Well, it looks like it’s time for a book review and this one is a about a good one. As a part of the 2012 YA Audiobook Challenge, I recently finished Dead End in Norvelt, a middle grades novel by Jack Gantos which is the 2012 winner of the Newberry Medal for the best contribution to children’s literature and the Scott O’Dell Award for Historical Fiction. Congrats Mr. Gantos!!
Melding the entirely true and the wildly fictional, Dead End in Norvelt is a novel about an incredible two months for a kid named Jack Gantos, whose plans for vacation excitement are shot down when he is “grounded for life” by his feuding parents, and whose nose spews bad blood at every little shock he gets. But plenty of excitement (and shocks) are coming Jack’s way once his mom loans him out to help a feisty old neighbor with a most unusual chore—typewriting obituaries filled with stories about the people who founded his utopian town. As one obituary leads to another, Jack is launched on a strange adventure involving molten wax, Eleanor Roosevelt, twisted promises, a homemade airplane, Girl Scout cookies, a man on a trike, a dancing plague, voices from the past, Hells Angels . . . and possibly murder. Endlessly surprising, this sly, sharp-edged narrative is the author at his very best, making readers laugh out loud at the most unexpected things in a dead-funny depiction of growing up in a slightly off-kilter place where the past is present, the present is confusing, and the future is completely up in the air.
This is my first time reading anything by Jack Gantos, although he has written tons of other things that I was unaware were his books; like the Joey Pigza series. I received this audiobook from MacMillan Audio (Thank You!!) and I must say that I thoroughly enjoyed listening to author Jack Gantos narrate his fictionalized memoirs.
The picture Gantos paints of Norvelt , a small farming town established by Eleanor Roosevelt in the 1930s, is fabulously sketched. It seems that small towns always have their fair share of quirky town “characters”, but sometimes the characters’ quirkiness doesn’t always come across the right way. Well, Gantos doesn’t fail to flesh-out these characters in a way that makes the reader believe that they’re real people. Real people who you know and love by the end of the story. My favorite character is the charmingly stubborn and bossy Miss Volker, who hires Jack to help her write obituaries for the local newspaper when her arthritis is too bad. Miss Volker is charming and crazy and the warm wax scene where we meet her is absolutely hilarious and I was cracking up in my car while driving home from work. I love how just as Miss Volker needs Jack to help her with daily tasks, Jack needs her to help him grow up and blossom a bit.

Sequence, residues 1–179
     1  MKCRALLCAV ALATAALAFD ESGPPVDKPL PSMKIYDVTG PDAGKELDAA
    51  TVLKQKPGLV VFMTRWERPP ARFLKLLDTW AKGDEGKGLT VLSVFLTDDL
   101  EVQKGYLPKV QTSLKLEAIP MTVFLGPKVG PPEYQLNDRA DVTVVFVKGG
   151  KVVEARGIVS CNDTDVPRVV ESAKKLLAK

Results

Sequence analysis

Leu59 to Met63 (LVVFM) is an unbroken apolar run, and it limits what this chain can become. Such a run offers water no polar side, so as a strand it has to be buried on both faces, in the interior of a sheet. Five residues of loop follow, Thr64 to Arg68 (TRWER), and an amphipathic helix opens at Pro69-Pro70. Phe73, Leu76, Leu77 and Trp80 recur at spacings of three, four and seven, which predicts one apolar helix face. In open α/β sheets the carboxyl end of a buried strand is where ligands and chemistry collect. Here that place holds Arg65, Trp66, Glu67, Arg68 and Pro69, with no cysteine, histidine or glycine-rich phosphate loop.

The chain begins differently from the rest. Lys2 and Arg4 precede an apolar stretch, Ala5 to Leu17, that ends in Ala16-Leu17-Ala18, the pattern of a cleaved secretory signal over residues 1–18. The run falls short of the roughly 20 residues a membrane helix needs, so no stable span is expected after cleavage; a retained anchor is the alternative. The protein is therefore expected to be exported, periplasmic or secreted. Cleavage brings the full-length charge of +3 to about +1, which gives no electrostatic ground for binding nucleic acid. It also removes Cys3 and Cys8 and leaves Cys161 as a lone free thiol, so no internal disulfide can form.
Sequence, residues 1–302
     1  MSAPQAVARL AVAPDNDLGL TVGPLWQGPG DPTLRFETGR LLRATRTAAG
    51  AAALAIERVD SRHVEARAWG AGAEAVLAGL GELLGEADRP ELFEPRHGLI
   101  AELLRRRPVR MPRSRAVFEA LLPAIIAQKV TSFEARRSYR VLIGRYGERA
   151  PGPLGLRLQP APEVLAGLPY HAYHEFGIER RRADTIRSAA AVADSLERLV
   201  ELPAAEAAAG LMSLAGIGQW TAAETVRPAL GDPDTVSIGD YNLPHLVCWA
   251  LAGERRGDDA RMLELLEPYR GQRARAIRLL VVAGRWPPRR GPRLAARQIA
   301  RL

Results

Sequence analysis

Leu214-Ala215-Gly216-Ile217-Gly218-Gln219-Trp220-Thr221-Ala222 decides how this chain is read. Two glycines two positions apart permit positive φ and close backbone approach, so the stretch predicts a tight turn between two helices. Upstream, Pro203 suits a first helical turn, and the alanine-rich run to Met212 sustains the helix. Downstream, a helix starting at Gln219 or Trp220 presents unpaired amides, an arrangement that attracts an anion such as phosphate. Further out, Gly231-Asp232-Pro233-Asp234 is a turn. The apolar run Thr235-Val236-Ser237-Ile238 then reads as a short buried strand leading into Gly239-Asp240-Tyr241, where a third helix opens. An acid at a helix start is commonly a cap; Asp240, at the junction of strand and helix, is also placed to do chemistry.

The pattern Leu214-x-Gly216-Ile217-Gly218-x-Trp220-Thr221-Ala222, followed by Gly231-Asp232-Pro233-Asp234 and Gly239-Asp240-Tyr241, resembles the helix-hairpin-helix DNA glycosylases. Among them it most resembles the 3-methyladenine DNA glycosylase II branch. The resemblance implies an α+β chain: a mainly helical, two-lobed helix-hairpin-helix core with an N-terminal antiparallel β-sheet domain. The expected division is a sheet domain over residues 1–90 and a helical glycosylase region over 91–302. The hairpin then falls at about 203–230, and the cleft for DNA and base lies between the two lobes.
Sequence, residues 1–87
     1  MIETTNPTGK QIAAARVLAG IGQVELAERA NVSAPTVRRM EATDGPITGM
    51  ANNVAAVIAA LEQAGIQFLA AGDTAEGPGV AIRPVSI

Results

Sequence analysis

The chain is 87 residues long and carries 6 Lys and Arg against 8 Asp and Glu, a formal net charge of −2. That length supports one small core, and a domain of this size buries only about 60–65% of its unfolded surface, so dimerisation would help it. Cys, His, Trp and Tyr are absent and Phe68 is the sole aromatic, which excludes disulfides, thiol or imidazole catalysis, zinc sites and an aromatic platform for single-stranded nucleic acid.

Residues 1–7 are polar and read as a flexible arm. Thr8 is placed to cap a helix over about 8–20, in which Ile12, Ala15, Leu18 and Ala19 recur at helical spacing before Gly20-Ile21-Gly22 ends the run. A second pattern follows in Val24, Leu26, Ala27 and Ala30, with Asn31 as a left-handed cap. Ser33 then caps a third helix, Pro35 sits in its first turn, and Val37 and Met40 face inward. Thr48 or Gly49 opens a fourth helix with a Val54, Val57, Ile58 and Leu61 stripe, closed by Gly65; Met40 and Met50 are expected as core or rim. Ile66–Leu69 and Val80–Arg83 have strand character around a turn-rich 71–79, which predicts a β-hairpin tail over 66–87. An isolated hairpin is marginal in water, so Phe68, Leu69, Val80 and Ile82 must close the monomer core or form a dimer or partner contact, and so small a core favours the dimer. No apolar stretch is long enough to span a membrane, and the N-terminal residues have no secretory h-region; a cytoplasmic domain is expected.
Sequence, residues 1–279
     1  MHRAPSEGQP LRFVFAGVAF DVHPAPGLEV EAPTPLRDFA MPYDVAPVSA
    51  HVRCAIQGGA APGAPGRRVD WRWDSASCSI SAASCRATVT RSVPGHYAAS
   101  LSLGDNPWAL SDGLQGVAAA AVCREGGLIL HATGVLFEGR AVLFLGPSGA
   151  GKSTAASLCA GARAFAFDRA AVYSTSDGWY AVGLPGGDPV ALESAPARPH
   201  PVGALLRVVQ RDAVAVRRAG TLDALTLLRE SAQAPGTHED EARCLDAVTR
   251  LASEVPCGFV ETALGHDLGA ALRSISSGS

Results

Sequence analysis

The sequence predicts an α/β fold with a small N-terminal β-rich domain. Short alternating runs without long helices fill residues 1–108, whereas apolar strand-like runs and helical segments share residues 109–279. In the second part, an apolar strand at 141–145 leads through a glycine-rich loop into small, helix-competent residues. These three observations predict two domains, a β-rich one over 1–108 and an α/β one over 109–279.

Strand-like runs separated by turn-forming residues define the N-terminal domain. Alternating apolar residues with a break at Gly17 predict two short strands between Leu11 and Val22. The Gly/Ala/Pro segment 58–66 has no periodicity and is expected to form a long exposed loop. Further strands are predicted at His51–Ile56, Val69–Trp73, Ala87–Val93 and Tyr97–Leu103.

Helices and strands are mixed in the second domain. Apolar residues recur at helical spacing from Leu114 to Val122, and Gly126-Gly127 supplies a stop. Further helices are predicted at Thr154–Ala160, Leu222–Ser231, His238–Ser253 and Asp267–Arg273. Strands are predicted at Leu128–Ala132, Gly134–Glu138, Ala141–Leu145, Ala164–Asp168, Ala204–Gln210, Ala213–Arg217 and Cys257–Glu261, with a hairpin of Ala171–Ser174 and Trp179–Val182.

Also, I love the young boy, Jack. He is your average twelve-year-old boy, wanting to be seen as grown up but still making irresponsible choices and just being a kid. Jack’s character actually reminds me a lot of Ralphie from the film, A Christmas Story (you know the one with the leg lamp!). In A Christmas Story Ralphie is pretty much the king of daydreaming - it’s very similar to the bookish Jack who has both a lot of smarts and a wildly overactive imagination.
All of the supporting characters are so interesting, humorous and well written. I feel like I grew up in Norvelt right along the young Jack Gantos and his friends. The tomboyish Bunny, Jack’s friend and daughter of a funeral home director, is such a good complement to Jack’s more hesitant ways. And the way in which Jack is often caught between his mother, a life time Norvelter, and father, World War II vet, (and their very different philosophies on life) is both sad and sweet at the same time.
Gantos also weaves small snippets of history through Jack’s reading and love of all things historical or Ms. Volker’s obituaries. He uses these snippets to help young Jack realize the importance of history. How it’s not just to read it and know it but to use one’s knowledge of the past to prevent one from making the same mistakes again. This history provides and important backdrop to Jack’s journey of maturity.
Once you read Dead End in Norvelt you understand why it is an award winner. Gantos is clearly an incredibly talent writer specializing in melding the odd with the humorous with regular daily life. I recommend Dead End in Norvelt to all readers middle grades and up. Be prepared to laugh!